Inexpensive custom keyboards are finally here

We’ve been waiting for this for 20 years: It’s custom keyboards that clip onto a standard base. And it took computer gaming to make it happen. But don’t move on just yet – this is not just about computer games.

The system is simply this: You start with a standard PC keyboard but without the

keys. The keys come in a separate set of folding plastic panels. You unfold a panel into a single keyboard and put it on top of the base that has no keys. A clip on one end locks it in place. Voila, as we say in fractured French, you now have a custom keyboard, with keys labeled for functions you no longer have to memorize or look up.

In the beginning was the Age of Mythology. We mean the Microsoft adventure game about, well, the age of mythology. A $20 snap-on keyboard provides all the commands for playing the game without hours of learning. Then there’s Delta Force, Medal of Honor, Everquest, etc., and … the new Doom 3. They’re all $20 from Canada’s “”Zboard”” ( The base keyboard, which comes with two sets of overlay keys is $50.

But, as they say in the late-night TV ads, that’s not all you can get. Other custom key sets are available for Adobe Photoshop, Microsoft Office, Word, Windows, Excel, Macromedia Dreamweaver and Internet Explorer.

Photoshop, just to take an example, is a huge, expensive and complex program. The beach is littered with the hulks of those who have tried to master it. But here we have only to clip on the $25 snap-on keyboard and we automatically have dedicated keys for “”saturate hue”” and “”desaturate hue.”” We have cut, color, rotate, flip, merge images, add new layer, move up a layer, move down a layer, ungroup images and on into the night. And of course there’s a dedicated key to encode the image for the Web.

If you’re not using any of the special programs the keyboards are designed for, the keys act just like an ordinary keyboard; the special dedicated functions are inactive. If you switch to running Photoshop or another keyboard/program set, the keyboard will detect that the program is active and a little light will go on indicating that the special keys are now also active.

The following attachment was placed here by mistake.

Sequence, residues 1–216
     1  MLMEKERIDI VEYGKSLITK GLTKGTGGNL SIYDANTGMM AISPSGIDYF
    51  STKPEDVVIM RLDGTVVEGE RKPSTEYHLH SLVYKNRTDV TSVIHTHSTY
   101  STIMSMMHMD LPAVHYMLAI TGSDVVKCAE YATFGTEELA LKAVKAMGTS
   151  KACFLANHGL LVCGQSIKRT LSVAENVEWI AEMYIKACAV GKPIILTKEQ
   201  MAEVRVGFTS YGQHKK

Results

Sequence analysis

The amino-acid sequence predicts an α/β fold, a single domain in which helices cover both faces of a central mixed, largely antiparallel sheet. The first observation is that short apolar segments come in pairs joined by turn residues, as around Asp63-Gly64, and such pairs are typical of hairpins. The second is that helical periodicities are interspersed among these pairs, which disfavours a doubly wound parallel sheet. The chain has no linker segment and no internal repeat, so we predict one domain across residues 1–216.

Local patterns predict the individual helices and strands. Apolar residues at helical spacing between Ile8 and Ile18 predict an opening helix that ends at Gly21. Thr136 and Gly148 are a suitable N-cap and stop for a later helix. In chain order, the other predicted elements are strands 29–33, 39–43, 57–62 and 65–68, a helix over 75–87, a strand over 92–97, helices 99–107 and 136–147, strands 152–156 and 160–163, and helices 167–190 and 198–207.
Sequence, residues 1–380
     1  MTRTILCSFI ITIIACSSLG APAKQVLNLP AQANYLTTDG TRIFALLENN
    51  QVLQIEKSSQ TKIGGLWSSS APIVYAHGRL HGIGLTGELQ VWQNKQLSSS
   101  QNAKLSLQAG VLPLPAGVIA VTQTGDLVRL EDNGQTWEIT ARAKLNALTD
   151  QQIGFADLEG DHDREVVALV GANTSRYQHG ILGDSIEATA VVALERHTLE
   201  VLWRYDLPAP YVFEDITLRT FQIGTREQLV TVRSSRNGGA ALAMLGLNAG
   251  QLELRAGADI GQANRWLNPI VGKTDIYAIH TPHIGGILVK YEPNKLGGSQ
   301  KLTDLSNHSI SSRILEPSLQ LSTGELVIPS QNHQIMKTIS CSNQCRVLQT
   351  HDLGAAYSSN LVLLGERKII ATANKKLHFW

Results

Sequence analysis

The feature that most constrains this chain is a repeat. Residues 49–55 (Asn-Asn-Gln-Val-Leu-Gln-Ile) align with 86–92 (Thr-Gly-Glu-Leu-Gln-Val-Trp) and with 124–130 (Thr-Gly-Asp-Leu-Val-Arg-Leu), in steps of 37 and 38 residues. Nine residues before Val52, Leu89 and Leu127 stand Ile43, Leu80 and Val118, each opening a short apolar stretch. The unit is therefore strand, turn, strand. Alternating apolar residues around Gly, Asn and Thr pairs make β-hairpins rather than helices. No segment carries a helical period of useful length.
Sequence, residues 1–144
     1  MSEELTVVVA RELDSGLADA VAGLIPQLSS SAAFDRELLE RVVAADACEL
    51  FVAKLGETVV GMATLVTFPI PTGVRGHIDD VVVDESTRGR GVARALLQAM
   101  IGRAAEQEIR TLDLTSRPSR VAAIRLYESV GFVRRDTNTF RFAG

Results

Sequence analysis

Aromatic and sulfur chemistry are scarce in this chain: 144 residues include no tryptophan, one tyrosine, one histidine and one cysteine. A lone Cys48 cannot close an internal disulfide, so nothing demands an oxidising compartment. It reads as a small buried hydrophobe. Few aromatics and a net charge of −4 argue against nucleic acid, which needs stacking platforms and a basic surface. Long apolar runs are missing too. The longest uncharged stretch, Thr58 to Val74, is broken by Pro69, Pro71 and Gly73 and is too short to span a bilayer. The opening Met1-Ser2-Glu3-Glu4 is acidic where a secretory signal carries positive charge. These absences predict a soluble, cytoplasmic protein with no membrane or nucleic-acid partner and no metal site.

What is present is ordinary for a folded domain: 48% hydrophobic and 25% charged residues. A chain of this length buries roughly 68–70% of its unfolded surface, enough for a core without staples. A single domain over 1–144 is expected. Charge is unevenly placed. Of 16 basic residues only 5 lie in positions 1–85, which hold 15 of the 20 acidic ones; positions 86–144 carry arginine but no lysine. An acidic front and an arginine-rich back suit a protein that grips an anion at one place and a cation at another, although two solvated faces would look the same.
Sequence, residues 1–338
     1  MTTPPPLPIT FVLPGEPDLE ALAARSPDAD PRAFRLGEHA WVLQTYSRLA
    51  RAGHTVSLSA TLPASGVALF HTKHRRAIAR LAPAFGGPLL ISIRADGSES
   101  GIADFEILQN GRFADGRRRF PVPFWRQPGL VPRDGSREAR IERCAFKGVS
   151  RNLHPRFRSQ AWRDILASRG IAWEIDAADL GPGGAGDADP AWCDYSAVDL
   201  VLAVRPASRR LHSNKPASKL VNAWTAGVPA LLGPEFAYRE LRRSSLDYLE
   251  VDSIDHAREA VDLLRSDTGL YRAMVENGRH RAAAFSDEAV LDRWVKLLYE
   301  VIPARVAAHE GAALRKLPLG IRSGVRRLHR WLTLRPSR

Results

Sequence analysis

The prices for these keyboards, $25 or less, are shockingly cheap. We have a dedicated keyboard for word processing, for example, that cost $1,000 when it was new 25 years ago. It works with the Atex word-processing system used by many newspapers and publishers. It’s more solidly made than the Zboard snap-on keyboards, but what a price difference.

Wrap-up: The Zboard specialized keyboards are sometimes hard to find, but if you type “”zboard”” as a search term in either or, you can find most or all at discount prices.


From time to time a few readers have written us to say their eyesight was failing and was there some program that could help them when browsing the Web. Yes there is, and it’s great. It’s called Liquid Surf, and it costs $40 as a download from (free for a trial version).

Liquid Surf works only with Internet Explorer, which is the browser used by more than 90 percent of all the people browsing the Web. It enlarges the text without losing any of the graphics or the layout of the pages. The enlargement is clear and clean, up to 250 percent, without any of the jagged-edges effect you get by simply magnifying a section of a screen.

You can thread one long page across two screen windows so you can see the whole, or you can open two pages at a time. This is an impressive program and a boon for those who need a little help browsing the web.


All those pictures. Here are three things to do with them.

  • Ofoto, which is probably the leading place for posting photos to the Web, has a new album product. For $30 you get a hard-bound album of 20 pages with photos of your choice. Additional pages are $2 each.
  • The albums come in choices of leather, linen or some matte finish synthetic. The albums have a front cover window for your best picture, and the album looks like a coffee table book. We got one and it looks great. More info at the Web site:
  • A nice new program for posting photos to a Web site is Thumb Buddy (as in the song: “”thumb buddy loves you””). It won a best-of-class shareware award recently and is easy to use. This is a good program for compiling product photos into a catalog and posting them to a Web store. The bad news is the way you post your photos is to “”FTP them,”” as the techies like to say. FTP stands for “”file transfer protocol,”” and we doubt that one person in 10 understands how to do that. Thumb Buddy is at
  • Finally, here’s a brief mention of Smug Mug. We wrote about this before, but it’s worth bringing up again because it does a beautiful job of displaying your photos on its Web site. Membership costs $30 a year and you can have a private or public display. This is a nice thing for professional photographers or amateurs who want to show off their work. For $100 a year you can use the site to sell your images and also link to your own web site. Take a look at

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Jim Love, Chief Content Officer, IT World Canada

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